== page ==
Welland County is an historic county in the Canadian province of Ontario. The county was established from sections of Lincoln and Haldimand in 1845, but until 1851 continued to be unified with them, first as the Niagara District, and then from 1849 onwards as the Unified Counties of Lincoln, Welland and Haldimand.
The county was named after the Welland River which, in turn, had been named by John Graves Simcoe after a stream in Lincolnshire, England. Niagara Falls, and the townships surrounding it were among the earliest settlements in Upper Canada.
The most significant thing in the history of Welland County was the building of the Welland Canal and the canal's effect on transportation since its completion. Niagara Falls made the Niagara River impassible to shipping, yet there was a great impetus to get goods from the inland of Canada down to Lake Ontario and onward to the ports on the St Lawrence River.
The first Welland Canal was completed in 1829 and during the 19th century two further canal improvement projects took place. A third occurred between 1913 and 1932. The steepness of the Niagara Escarpment obliged the building of 26 locks on the final canal of the 19th century which were reduced to eight in the 20th century Welland Ship Canal.
In 1970, Lincoln and Welland Counties were amalgamated to form the Regional Municipality of Niagara. NOTE: In some census and election records from the late 19th century, the townships of Pelham and Wainfleet (which can be seen on the map below) were enumerated as part of Monck County. However, Monck never existed as a county in the political sense, but only as an electoral district.
The map of Welland County circa 1951 from Ontario Archives locates the individual townships, city, towns and villages of the county. (Click at the bottom of the page to see the map enlarged.)
A sketchmap from Ontario GenWeb provides a simple illustration of the location of the former townships.
The primary source for basic documents (vital statistics, land records, wills) for people who lived in the Province of Ontario is the Archives of Ontario, 134 Ian Macdonald Blvd, Toronto, Ontario, Canada M7A 2C5.
Civil registration did not begin in the province until 1869. Before then there may be church records of baptisms and burials. For the most part these are still held by the denomination who recorded them. Copies of marriage records made pre-1869 had to be sent by individual clergymen to the registrar of the county in which the marriage took place. These marriage records are available through Ontario Archives, on micorfilm through LDS libraries, and on paid and unpaid websites, but because they were copied at the registrars' offices, they cannot be considered a primary source.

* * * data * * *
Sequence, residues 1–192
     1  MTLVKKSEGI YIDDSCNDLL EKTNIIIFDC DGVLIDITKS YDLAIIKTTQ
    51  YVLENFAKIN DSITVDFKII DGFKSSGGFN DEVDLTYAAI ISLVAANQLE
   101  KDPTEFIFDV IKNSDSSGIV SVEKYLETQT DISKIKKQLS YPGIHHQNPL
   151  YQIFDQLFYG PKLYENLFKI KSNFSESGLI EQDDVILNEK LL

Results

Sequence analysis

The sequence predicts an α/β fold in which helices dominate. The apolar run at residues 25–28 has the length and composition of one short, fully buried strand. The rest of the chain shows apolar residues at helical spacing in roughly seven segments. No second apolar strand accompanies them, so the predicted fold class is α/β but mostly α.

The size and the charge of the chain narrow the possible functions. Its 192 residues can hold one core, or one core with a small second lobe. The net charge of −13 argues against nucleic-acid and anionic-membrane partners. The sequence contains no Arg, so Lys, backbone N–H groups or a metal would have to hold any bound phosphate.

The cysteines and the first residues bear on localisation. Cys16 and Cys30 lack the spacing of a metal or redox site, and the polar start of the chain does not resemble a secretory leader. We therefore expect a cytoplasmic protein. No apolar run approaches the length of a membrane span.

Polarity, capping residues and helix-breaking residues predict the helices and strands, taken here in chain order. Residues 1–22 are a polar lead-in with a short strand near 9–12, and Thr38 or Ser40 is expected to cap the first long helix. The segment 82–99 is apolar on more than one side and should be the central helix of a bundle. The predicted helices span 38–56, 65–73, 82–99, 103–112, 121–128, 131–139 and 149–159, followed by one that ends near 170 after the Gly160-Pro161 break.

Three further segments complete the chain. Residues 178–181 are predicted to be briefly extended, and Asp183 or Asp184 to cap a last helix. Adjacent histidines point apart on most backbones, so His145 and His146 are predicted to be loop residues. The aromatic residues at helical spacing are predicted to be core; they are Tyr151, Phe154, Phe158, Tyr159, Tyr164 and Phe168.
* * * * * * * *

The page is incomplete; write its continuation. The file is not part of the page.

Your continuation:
Vital Records after 1869
Birth, marriage and death registrations are not open to the public until a specific number of years after the event occurred. Births to 1914 are now available [October 2012]; dates for marriages and deaths are later. Birth and death registration was not universally carried out in the early years after its adoption. Deaths were more apt to be reported than births for several years. The more rural the area, the less likely it would be that these happenings were reported to the authorities.
Land Records and Wills
Information on how to access land records and wills is best sought on the Archives of Ontario website. An ancestor's land holding might be found on Canadian County Atlas Digital Project if he was in occupancy circa 1878.
Association for the Preservation of Ontario Land Registry Office Documents (APOLROD). A list of Land Registry Offices for all Counties of Ontario.
The original censuses are in the hands of Library and Archives Canada. All of the original census (1851-1911) images are online with the exception of that for 1861. Not all of them are indexed. Later censuses are not yet available. Census divisions were redrawn as the population increased and more land was inhabited.
E-books and Books
Some websites with more local information on Welland County